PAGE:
According to Freddie Mac’s latest Primary Mortgage Market Survey, interest rates for a 30-year fixed-rate mortgage are currently at 4.61%, which is still near record lows in comparison to recent history! The interest rate you secure when buying a home not only greatly impacts your monthly housing costs, but also impacts your purchasing power. Purchasing power, simply put, is the amount of home you can afford to buy for the budget you have available to spend. As rates increase, the price of the house you can afford to buy will decrease if you plan to stay within a certain monthly housing budget. The chart below shows the impact that rising interest rates would have if you planned to purchase a home within the national median price range while keeping your principal and interest payments between $1,850-$1,900 a month. With each quarter of a percent increase in interest rate, the value of the home you can afford decreases by 2.5% (in this example, $10,000). Experts predict that mortgage rates will be closer to 5% by this time next year. Act now to get the most house for your hard-earned money. Source: https://www.keepingcurrentmatters.com/2018/05/22/how-current-interest-rates-can-have-a-high-impact-on-your-purchasing-power/

Home Inspection

Home Inspections: What To Expect

So you made an offer, it was accepted, and now your next task is to have the home inspected prior to closing. Oftentimes, agents make your offer contingent on a clean home inspection. This contingency allows you to renegotiate the price you paid for the home, ask the sellers to cover repairs, or even, in some cases, walk away. Your agent can advise you on the best course of action once the report is filed. How to Choose an Inspector Your agent will most likely have a short list of inspectors that they have worked with in the past that they can recommend to you. HGTV recommends that you consider the following 5 areas when choosing the right home inspector for you: Ask your inspector if it’s okay for you to tag along during the inspection, that way they can point out anything that should be addressed or fixed. Don’t be surprised to see your inspector climbing on the roof or crawling around in the attic and on the floors. The job of the inspector is to protect your investment and find any issues with the home, including but not limited to: the roof, plumbing, electrical components, appliances, heating & air conditioning systems, ventilation, windows, the fireplace and chimney, the foundation, and so much more! Bottom Line They say ‘ignorance is bliss,’ but not when investing your hard-earned money into a home of your own. Work with a professional who you can trust to give you the most information possible about your new home so that you can make the most educated decision about your purchase. Source: https://www.keepingcurrentmatters.com/2018/05/08/home-inspections-what-to-expect/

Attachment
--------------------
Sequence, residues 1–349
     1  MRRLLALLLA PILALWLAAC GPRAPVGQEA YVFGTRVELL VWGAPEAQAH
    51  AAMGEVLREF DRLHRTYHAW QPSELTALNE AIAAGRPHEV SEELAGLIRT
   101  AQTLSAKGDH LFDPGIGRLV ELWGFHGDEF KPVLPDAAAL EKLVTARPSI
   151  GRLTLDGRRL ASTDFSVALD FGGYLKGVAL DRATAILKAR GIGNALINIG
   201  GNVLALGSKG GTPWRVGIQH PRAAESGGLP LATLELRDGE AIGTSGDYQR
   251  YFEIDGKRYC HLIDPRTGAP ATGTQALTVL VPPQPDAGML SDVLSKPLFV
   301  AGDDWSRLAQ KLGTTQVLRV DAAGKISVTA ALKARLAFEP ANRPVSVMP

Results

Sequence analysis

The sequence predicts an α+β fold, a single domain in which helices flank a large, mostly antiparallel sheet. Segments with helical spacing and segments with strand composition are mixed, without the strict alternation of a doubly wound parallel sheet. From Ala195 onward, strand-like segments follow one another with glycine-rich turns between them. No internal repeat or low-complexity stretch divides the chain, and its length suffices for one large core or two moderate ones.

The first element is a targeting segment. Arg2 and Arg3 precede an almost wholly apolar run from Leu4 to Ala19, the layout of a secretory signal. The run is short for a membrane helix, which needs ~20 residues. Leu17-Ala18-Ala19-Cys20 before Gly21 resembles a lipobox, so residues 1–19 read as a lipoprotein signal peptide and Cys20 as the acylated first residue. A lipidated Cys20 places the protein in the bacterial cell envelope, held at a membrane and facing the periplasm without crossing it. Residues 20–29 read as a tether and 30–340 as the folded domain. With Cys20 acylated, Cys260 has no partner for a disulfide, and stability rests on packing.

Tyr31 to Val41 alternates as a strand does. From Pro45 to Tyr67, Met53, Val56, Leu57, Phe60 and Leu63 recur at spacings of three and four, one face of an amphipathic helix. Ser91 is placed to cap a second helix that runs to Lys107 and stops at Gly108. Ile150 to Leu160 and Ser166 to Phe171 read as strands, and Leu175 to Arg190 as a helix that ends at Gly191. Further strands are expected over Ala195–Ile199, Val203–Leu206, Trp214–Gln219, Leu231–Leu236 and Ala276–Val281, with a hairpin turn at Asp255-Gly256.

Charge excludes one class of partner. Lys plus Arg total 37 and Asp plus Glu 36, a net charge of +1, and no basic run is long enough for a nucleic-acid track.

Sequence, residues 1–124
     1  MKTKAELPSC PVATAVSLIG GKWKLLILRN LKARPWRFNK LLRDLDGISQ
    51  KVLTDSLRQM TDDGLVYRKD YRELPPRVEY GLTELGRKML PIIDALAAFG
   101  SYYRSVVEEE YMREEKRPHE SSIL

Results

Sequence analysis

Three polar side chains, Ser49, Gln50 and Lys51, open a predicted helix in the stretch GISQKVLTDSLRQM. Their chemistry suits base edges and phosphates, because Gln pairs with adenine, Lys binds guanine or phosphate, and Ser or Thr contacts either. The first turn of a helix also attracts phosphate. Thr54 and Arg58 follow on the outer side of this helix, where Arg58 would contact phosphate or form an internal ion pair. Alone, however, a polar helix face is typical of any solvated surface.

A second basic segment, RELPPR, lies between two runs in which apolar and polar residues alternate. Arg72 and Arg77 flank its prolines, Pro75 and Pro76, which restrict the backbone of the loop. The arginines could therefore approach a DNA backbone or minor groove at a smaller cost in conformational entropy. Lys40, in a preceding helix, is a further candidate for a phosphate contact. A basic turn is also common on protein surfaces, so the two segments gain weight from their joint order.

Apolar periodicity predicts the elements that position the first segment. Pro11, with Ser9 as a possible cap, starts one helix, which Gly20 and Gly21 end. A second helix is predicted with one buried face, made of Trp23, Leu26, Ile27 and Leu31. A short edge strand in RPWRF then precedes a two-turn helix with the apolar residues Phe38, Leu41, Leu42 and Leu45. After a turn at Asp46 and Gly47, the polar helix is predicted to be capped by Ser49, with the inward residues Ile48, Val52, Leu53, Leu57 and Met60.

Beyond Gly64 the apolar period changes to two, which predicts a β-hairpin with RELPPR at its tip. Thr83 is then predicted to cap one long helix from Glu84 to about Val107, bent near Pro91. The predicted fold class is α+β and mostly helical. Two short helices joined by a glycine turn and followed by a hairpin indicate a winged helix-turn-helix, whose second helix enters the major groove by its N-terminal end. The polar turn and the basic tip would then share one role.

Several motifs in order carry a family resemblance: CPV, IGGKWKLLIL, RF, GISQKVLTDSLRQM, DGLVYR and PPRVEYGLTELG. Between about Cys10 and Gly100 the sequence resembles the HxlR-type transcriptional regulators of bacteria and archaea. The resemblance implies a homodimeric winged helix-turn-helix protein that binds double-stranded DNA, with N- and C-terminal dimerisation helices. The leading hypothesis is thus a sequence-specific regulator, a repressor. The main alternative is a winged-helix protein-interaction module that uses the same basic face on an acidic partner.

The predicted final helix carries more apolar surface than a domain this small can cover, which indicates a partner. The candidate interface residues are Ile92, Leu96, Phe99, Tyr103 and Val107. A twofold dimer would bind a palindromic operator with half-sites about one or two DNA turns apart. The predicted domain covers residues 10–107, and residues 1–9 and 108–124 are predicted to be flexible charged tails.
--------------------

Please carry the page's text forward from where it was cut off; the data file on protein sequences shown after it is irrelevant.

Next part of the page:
Is Family Mortgage Debt Out Of Control

Is Family Mortgage Debt Out Of Control?

Some homeowners have recently done a “cash out” refinance and have taken a portion of their increased equity from their houses. Others have sold their homes and purchased more expensive homes with larger mortgages. At the same time, first-time buyers have become homeowners and now have mortgage payments for the first time. These developments have caused concern that families might be reaching unsustainable levels of mortgage debt. Some are worried that we may be repeating a behavior that helped precipitate the housing crash ten years ago. Today, we want to assure everyone that this is not the case. Here is a graph created from data released by the Federal Reserve Board which shows the Household Debt Service Ratio for mortgages as a percentage of disposable personal income. The ratio is the total quarterly required mortgage payments divided by the total quarterly disposable personal income. In other words, the percentage of spendable income people are using to pay their mortgage. Today’s ratio of 4.44% is nowhere near the ratio of 7.21% during the peak of the housing bubble and is instead at the lowest rate since 1980 (4.38%). Bill McBride of Calculated Risk recently commented on the ratio: “The Debt Service Ratio for mortgages is near the low for the last 38 years. This ratio increased rapidly during the housing bubble and continued to increase until 2007. With falling interest rates, and less mortgage debt, the mortgage ratio has declined significantly.” Bottom Line Many families paid a heavy price because of questionable practices that led to last decade’s housing crash. It seems the American people have learned a lesson and are not repeating that same behavior regarding their mortgage debt. Source: https://www.keepingcurrentmatters.com/2018/04/19/is-family-mortgage-debt-out-of-control/